Long-Term Impacts of the Financial Crisis on European Research and Innovation Policies: Reinforcing Old Tensions?

Wednesday, July 8, 2015
J211 (13 rue de l'Université)
Inga Ulnicane , Institute for European Integration Research EIF, University of Vienna
Over recent decades European research policy analysis and practice have attempted to overcome a number of tensions and contradictions such as distinction between basic and applied research or an ‘innovation divide’ in research performance among ‘excellent’ and ‘cohesion’ member states. These divides have been seen as a source of tensions and hampering factors in integration of knowledge production and diffusion activities. A number of policy measures have aimed to better integrate basic and applied research and to support capability building in catching-up member states.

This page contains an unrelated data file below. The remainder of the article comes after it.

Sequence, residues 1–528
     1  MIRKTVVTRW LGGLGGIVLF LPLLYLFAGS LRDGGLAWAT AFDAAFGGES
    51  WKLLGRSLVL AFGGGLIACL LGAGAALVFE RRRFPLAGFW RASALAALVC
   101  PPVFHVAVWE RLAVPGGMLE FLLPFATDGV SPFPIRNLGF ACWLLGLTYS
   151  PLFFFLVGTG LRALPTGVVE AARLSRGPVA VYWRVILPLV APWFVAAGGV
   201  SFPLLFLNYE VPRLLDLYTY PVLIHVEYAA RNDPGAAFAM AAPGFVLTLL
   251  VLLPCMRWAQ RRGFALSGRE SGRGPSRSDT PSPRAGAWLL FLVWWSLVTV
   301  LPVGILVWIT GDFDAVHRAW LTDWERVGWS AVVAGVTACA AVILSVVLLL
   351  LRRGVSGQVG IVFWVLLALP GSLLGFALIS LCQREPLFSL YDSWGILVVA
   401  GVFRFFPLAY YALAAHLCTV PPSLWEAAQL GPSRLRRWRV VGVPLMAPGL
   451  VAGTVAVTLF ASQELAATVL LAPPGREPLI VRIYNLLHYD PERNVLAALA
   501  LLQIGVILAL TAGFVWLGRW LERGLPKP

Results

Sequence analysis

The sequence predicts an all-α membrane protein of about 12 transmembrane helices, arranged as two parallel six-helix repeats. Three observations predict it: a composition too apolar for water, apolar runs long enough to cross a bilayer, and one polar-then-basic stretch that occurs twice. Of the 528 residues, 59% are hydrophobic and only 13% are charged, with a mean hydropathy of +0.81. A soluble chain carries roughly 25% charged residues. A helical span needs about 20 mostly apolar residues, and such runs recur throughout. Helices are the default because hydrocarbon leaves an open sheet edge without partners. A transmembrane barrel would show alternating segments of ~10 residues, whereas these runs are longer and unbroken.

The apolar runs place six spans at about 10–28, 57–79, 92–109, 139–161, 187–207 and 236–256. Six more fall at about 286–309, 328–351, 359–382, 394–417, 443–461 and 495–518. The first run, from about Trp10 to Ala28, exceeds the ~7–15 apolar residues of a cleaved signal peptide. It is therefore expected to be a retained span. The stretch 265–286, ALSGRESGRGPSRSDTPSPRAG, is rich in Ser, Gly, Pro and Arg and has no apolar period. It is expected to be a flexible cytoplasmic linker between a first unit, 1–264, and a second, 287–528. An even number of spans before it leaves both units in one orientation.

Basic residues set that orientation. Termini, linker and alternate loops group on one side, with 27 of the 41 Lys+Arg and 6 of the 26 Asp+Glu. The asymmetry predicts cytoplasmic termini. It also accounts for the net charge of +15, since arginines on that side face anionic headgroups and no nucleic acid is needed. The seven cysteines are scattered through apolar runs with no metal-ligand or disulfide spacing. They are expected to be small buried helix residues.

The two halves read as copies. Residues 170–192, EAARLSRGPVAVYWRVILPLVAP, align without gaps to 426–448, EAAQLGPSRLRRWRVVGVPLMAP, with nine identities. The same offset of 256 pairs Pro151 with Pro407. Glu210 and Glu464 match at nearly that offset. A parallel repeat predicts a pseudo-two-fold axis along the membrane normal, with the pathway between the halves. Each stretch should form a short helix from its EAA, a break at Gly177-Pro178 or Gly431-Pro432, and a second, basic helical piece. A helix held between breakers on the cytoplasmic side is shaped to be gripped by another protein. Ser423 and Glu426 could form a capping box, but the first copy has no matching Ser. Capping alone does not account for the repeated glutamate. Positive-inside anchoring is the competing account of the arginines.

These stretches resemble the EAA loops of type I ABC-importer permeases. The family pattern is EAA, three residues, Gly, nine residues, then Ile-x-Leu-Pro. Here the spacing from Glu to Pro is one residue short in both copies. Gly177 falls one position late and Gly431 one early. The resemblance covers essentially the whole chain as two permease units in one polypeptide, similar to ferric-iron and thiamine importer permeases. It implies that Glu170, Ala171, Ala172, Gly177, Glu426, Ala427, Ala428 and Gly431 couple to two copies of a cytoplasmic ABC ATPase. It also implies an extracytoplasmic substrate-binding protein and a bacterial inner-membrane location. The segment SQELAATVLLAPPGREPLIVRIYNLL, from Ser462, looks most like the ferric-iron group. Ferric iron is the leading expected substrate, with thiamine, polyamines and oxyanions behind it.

However, the recent financial crisis appears to have reinforced some of the old tensions in European research policy. Under austerity measures, many EU member states, which fund more than 80% of public research in Europe, have cut their investment in research with potential long-term effects on research capabilities, human resources and infrastructures. In particular, the funding cuts have most affected research systems of the weakest member states, thus reinforcing innovation divide. At the EU level, a strong post-crisis discourse has emerged about research and innovation as a way out of crisis and sources of renewed growth. It is accompanied by a focus on return on investment, results orientation and impact on jobs and growth, thus favoring applied research over basic research.

The paper draws on theories about institutional change and uses a range of methods and data sources (primary documents, interviews with EU decision-makers and stakeholders) to analyze long-term effects of the crisis on EU research and innovation policies.